We have developed a theoretical model for photon migration through scattering media in the presence of an absorbing in homogeneity. A closed-form solution for the average diffuse intensity has been obtained through an iterative approximation scheme of the steady-state diffusion equation. The model describes absorbing defects in a wide range of values. Comparisons with the results of Monte Carlo simulations show that the error of the model is lower than 3% for size inclusion lower than 4 mm and absorption contrast up to the threshold value of the "black defect." The proposed model provides a tractable mathematical basis for diffuse optical and photoacoustic tomographic reconstruction techniques. © 2014 Optical Society of America.


Pacifico F.,CNR Institute of Neuroscience | Leonardi A.,University of Naples Federico II
Molecular and Cellular Endocrinology | Year: 2010

Thyroid cancer is the most common neoplasia of the endocrine system and accounts for approximately 1% of all newly diagnosed cancer cases. Its incidence has rapidly grown over the past few decades. Although most thyroid carcinomas are of the well-differentiated papillary histology, and respond well to treatment with surgical resection followed by radioactive iodine ablation, tumors with more aggressive phenotype, such as follicular, poorly differentiated, anaplastic, and medullary cancers, lead to almost 1500 patient deaths annually. Therefore, understanding molecular mechanisms that regulate the biology of these carcinomas could be helpful to identify new molecules acting as novel targets for therapeutic intervention.NF-κB has been recently shown to play an important role in thyroid cancer for its ability to control the proliferative and the anti-apoptotic signaling pathways of thyroid neoplastic cells. Oncogenic proteins RET/PTC, RAS and BRAF, that are involved in many aspects of thyroid carcinogenesis, can induce NF-κB activation in papillary, follicular, and medullary thyroid carcinomas, while constitutive de-regulated NF-κB activity has been found in anaplastic thyroid carcinomas. A number of NF-κB inhibitors have been demonstrated to induce anti-proliferative effects and/or massive apoptosis, especially in combination with radio- or chemo-therapy. The results obtained suggest that targeting NF-κB could be a promising strategy for advanced thyroid cancer treatment. © 2009 Elsevier Ireland Ltd.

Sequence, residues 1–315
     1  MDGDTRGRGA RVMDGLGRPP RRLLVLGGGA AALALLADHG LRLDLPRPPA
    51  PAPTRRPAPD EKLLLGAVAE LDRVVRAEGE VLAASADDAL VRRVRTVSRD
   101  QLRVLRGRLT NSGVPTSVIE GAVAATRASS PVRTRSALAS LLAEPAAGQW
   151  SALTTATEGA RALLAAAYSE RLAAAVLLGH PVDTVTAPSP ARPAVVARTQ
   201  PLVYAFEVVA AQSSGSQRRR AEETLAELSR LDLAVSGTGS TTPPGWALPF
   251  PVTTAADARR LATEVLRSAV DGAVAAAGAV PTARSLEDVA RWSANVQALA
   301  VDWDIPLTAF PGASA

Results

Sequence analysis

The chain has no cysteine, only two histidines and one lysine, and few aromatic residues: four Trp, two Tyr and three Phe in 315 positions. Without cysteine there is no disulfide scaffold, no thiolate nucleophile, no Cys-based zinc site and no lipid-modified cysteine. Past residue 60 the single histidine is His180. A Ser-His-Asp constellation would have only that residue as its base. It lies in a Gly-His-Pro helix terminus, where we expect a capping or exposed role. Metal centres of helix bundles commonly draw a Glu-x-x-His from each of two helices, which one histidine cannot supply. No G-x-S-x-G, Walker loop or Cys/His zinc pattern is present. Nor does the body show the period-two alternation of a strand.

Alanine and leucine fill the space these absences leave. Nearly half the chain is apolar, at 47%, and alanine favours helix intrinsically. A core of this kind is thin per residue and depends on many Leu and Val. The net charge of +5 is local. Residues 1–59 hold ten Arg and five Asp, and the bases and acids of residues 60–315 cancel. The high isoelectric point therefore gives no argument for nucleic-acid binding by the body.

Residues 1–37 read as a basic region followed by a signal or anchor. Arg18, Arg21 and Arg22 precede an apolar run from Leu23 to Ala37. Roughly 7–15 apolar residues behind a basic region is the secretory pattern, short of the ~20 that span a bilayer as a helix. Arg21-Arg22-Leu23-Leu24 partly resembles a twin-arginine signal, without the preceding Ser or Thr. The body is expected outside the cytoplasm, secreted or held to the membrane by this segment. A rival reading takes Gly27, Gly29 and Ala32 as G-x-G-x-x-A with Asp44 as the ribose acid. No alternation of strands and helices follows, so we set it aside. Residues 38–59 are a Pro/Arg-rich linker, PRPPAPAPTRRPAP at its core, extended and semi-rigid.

Di Carlo M.,CNR Institute of Neuroscience
European Biophysics Journal | Year: 2010